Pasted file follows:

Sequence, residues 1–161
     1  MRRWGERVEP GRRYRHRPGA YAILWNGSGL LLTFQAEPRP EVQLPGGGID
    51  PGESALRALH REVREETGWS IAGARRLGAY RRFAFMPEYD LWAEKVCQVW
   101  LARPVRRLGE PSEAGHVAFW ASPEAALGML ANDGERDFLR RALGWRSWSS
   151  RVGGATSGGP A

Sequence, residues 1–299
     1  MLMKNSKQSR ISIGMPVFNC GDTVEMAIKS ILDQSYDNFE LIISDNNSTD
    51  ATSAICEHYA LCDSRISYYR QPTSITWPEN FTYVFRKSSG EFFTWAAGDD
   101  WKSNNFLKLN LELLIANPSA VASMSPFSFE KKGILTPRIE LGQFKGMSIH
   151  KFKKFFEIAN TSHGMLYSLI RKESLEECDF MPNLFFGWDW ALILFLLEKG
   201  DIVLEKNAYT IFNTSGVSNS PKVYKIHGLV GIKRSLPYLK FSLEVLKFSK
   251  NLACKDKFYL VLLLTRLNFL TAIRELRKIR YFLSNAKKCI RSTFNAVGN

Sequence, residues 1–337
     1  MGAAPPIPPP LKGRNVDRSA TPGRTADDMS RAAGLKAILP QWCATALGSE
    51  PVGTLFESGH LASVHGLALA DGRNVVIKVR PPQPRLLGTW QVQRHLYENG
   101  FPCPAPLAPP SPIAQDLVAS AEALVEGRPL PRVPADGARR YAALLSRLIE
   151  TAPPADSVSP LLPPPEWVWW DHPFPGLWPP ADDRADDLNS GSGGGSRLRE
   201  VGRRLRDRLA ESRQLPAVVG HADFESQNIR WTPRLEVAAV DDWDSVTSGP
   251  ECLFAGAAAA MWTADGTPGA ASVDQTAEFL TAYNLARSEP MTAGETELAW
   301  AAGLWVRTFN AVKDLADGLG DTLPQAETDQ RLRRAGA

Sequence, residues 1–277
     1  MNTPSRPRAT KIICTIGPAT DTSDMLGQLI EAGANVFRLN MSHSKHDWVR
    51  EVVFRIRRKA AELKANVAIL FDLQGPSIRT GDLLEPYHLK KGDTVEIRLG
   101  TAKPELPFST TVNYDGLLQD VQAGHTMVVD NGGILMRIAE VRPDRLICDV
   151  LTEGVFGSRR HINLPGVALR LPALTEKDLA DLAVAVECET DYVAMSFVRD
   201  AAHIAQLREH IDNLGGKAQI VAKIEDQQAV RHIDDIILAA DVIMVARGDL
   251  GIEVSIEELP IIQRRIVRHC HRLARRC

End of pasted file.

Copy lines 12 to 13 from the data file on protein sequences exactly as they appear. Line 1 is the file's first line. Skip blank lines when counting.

   251  NLACKDKFYL VLLLTRLNFL TAIRELRKIR YFLSNAKKCI RSTFNAVGN

Sequence, residues 1–337